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At a glance

Most severe form of familial deficiency or absence of high-density lipoprotein (HDL), apolipoprotein A-I and accumulation of cholesteryl esters in many tissues throughout the body. Characteristically, patients present yellow-orange tonsils, very low levels of HDL, and enlarged liver and spleen. It is named after the secluded island of Tangier, off the coast of Virginia.

Synonyms

High-Density Lipoprotein (HDL) Deficiency; Analphalipoproteinemia.

Genetic inheritance

Clinical autosomal recessive phenotype, the biochemical phenotype is inherited as an autosomal codominant trait. Twenty different mutations in the ATP-Binding Cassette transporter A1 (ABCA1) gene have been described.

Incidence

Very rare, about 100 patients have been diagnosed.

Pathophysiology

Tangier disease is caused by mutations in the ABCA1 gene, which encodes the membrane transporter ABCA1. This transporter plays a key role in the first step of reverse cholesterol transport, through which the efflux of free cholesterol from peripheral cells is transferred to lipid-poor apoA-I leading to intracellular cholesterol esters accumulation. This defect is compounded by a low plasma concentration of apolipoprotein A-I (an essential component of HDL) caused by a pathologically rapid catabolism. This results in a low level of HDL in plasma, making it unable to scavenge cholesterol from tissues. Tissues that accumulate excessive cholesterol include tonsils, liver, spleen, lymph nodes, thymus, intestines, and peripheral nerves. Histology reveals deposits of cholesterol esters outside of lysosomes in the cytoplasm.

Diagnosis

Homozygotes have a marked deficiency of HDL cholesterol and apolipoprotein (apo) A-I levels (both <10 mg/dL), decreased low-density lipoprotein (LDL) cholesterol levels (about 40% of normal), and mild hypertriglyceridemia.

Clinical aspects

Large yellow-orange tonsils, splenomegaly, neuropathy, and rectal mucosal changes (orange-brown spots). Neuropathy may include demyelination (mononeuropathic or polyneuropathic) and axonal degeneration with a syringomyelic (dissociative) picture. Sensory loss may lead to global anesthesia, but autonomic neuropathy has not been described. The risk of atherosclerosis is increased in older patients. Mitral and pulmonary valve abnormalities have been reported. Loss of vision, incomplete eyelid closure. May have abnormal platelet function. The possibility of an association with cerebellar dysgenesis, cardiac defects, and renal anomalies has been reported. Also, few case reports of annual pancreatic defect have been suggested. There is no specific treatment, although dietary fat restrictions are recommended.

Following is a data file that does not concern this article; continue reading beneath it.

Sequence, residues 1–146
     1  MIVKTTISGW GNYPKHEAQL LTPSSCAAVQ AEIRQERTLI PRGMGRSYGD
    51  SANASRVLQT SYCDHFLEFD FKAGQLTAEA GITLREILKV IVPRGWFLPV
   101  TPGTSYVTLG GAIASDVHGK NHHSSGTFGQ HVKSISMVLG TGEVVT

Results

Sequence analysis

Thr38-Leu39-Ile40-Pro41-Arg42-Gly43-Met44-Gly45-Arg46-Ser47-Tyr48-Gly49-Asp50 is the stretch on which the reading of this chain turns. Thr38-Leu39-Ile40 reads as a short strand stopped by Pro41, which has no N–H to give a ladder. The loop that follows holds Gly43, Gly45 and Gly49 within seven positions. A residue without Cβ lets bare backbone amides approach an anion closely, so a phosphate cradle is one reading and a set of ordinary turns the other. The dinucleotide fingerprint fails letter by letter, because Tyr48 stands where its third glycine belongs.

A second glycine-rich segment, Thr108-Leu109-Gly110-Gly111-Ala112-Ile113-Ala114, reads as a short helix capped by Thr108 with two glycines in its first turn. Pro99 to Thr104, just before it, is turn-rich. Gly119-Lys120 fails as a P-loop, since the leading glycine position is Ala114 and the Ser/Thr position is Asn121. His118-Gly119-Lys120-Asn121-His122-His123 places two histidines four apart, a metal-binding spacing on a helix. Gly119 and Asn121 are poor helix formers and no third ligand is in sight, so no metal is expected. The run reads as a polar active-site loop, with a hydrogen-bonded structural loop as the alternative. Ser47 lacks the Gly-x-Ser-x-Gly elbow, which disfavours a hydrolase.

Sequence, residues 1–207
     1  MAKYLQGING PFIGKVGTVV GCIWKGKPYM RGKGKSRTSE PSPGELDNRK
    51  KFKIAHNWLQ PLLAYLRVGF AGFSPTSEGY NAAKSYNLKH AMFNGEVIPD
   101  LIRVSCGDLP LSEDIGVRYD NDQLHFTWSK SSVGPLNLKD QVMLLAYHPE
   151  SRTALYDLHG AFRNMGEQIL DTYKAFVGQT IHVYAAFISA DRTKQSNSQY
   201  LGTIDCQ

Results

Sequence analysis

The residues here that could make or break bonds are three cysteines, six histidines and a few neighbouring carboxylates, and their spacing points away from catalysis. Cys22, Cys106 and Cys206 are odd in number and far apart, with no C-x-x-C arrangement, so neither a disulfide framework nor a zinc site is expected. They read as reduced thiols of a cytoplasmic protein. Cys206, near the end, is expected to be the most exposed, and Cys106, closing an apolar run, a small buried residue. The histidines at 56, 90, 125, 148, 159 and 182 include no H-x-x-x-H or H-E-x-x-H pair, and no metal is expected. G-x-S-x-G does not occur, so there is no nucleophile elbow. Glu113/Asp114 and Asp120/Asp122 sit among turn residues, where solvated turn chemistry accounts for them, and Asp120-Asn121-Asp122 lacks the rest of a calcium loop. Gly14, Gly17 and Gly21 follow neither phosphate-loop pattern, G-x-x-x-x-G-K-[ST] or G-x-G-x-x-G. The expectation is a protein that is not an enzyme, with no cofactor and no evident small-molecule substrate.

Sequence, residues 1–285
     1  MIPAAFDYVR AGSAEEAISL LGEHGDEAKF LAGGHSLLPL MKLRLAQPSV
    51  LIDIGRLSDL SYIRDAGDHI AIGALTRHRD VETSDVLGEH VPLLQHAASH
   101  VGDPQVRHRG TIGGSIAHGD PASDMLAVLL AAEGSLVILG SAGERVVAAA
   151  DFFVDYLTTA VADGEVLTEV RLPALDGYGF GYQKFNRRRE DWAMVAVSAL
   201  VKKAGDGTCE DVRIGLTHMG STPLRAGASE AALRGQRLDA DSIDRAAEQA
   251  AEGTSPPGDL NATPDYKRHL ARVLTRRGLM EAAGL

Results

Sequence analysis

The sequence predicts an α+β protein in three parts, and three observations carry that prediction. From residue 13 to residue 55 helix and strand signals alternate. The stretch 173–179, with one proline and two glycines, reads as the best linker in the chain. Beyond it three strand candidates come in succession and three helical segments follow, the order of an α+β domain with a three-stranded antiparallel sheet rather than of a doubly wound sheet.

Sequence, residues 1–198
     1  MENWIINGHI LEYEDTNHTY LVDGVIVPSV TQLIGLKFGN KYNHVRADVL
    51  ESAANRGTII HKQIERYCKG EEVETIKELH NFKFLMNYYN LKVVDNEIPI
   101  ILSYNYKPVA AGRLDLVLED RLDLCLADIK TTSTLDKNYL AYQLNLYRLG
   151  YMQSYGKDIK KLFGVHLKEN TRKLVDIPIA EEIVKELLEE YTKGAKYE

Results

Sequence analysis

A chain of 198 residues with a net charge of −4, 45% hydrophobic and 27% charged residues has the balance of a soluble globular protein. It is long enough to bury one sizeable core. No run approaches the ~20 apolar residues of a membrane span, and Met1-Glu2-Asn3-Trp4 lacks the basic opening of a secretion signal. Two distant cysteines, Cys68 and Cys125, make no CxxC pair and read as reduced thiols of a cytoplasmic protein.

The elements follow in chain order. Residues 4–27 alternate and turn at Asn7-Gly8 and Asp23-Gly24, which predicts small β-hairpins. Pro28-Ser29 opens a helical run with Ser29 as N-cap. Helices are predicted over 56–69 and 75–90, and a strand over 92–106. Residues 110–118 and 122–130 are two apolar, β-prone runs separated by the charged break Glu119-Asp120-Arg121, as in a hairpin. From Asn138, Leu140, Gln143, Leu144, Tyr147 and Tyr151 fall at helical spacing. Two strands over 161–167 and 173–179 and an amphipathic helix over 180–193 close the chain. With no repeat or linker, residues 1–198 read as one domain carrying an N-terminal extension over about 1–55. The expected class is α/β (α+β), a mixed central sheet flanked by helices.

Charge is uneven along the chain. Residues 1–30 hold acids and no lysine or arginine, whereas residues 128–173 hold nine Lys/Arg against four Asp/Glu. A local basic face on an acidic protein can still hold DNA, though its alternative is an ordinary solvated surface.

Precautions before anesthesia

Anemia and hemolysis, thrombocytopenia (prolonged bleeding time correctable with desmopressin acetate). Sleep apnea (airway obstruction). Liver function tests, electrolytes (malabsorption). ECG, echocardiogram, stress test/coronary angiography if ischemia suspected. Evaluate extent of neurological deficit, cranial nerve palsy (upper airway reflexes).

Anesthetic considerations

Rapid sequence induction is recommended if upper airway reflexes are lost. Complete airway obstruction is possible if “kissing” tonsils are present. Meticulous positioning with adequate padding during surgery and recovery. Regional techniques ...

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